hist-brewing: measurments

Eric A. Rhude ateno at panix.com
Wed Apr 5 13:12:49 PDT 2000


> Well, first off they didn't measure in volume quarters, they used weight 
> quarters. Keep in mind that the method of weighing grain was spelled out in 
> the Magna Carter and the king sent weighing measures into the countryside 
> to ensure that he collected the right amount of taxes.
> 

Do you mean:

'Let there be one measure of wine throughout our whole realm;
and one measure of ale; and one measure of corn, to wit, "the London quarter";
and one width of cloth (whether dyed, or russet, or "halberget"), to wit,
two ells within the selvedges; of weights also let it be as of measures.'

Or am I missing something?

all that is doing is standardising aounts for sale, so 
a width of cloth in Kent is the same as in south London.

Im not trying to be snippy.....  8)


> >Thoughts / corrections??
> 
> I think that you meant 8 bushels to a quarter. A peck is 8 quarts (today),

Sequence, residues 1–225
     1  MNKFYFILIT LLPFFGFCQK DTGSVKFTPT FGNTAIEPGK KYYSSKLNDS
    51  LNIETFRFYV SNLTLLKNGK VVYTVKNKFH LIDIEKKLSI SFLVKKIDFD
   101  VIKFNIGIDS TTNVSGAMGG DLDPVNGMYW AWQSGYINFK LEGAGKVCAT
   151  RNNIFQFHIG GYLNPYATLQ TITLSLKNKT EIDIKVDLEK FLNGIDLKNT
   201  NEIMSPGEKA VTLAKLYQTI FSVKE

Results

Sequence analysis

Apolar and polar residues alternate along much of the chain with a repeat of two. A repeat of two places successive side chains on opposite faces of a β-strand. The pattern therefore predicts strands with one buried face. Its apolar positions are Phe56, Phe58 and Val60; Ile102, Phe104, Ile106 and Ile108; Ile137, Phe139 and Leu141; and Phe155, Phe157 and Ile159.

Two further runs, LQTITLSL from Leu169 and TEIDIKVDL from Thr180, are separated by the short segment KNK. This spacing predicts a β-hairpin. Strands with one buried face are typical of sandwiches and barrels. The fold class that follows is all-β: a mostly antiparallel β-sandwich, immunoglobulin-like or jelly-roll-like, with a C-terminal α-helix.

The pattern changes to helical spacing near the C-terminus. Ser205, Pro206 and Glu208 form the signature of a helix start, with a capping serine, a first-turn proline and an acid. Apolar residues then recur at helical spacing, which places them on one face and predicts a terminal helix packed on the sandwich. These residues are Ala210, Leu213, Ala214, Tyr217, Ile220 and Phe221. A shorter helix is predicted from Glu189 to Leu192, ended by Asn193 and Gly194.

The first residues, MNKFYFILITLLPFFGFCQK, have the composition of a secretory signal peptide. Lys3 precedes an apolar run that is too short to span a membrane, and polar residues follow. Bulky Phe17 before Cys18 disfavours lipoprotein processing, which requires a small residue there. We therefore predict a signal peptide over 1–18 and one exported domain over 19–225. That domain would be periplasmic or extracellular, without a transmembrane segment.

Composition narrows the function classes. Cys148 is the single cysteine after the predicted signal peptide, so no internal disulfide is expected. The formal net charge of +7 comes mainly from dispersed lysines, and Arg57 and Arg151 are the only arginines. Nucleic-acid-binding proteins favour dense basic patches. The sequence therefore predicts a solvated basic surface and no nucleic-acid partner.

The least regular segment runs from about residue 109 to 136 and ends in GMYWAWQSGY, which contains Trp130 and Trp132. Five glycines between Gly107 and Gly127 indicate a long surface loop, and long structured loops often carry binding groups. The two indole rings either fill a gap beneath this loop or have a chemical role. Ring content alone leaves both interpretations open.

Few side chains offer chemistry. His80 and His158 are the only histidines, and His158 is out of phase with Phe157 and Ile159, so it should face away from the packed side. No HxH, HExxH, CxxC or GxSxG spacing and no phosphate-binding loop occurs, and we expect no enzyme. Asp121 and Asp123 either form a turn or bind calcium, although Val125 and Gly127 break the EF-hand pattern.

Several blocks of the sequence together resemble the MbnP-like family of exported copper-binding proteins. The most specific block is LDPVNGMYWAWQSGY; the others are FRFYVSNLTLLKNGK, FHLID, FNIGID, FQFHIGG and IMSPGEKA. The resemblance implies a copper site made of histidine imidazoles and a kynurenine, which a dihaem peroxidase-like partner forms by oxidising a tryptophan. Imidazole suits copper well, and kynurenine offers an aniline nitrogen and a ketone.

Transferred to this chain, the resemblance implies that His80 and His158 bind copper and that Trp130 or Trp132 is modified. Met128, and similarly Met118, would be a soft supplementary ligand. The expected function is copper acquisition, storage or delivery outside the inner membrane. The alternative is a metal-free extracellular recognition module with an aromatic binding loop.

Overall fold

> and I believe this hasn't changed.


Yes I mis typed, thank you for correcting my mistake.

> The bushel did vary with time and location. There are a number of bushel 
> measures in a variety of London area museums. The exact measures do vary by 
> up to a few percent.
> 
> Different malted grains have different specific gravities. So, a less dense 
> malt would have greater volume if we use the weight measure as the standard.
> 
> 
> 
> >I know there is a varience dependant on wet or dry malt and
> >amount of swelling but we have that today anyway..
> >They did it that way, why dont we?
> 
> We can, and it will turn out fine. But, if we're trying to recreate the 
> brewing techniques then we need to start with the same measuring technique. 
> BTW, I also see some problems with using modern malts in recreating this 
> receipe since they have a different proportion of proteins etc than period 
> grains.


Understood to all but we cant get the malts they used, so 
we have to get as close as we can and say why we 
made certian decisions..

Eric Rhude

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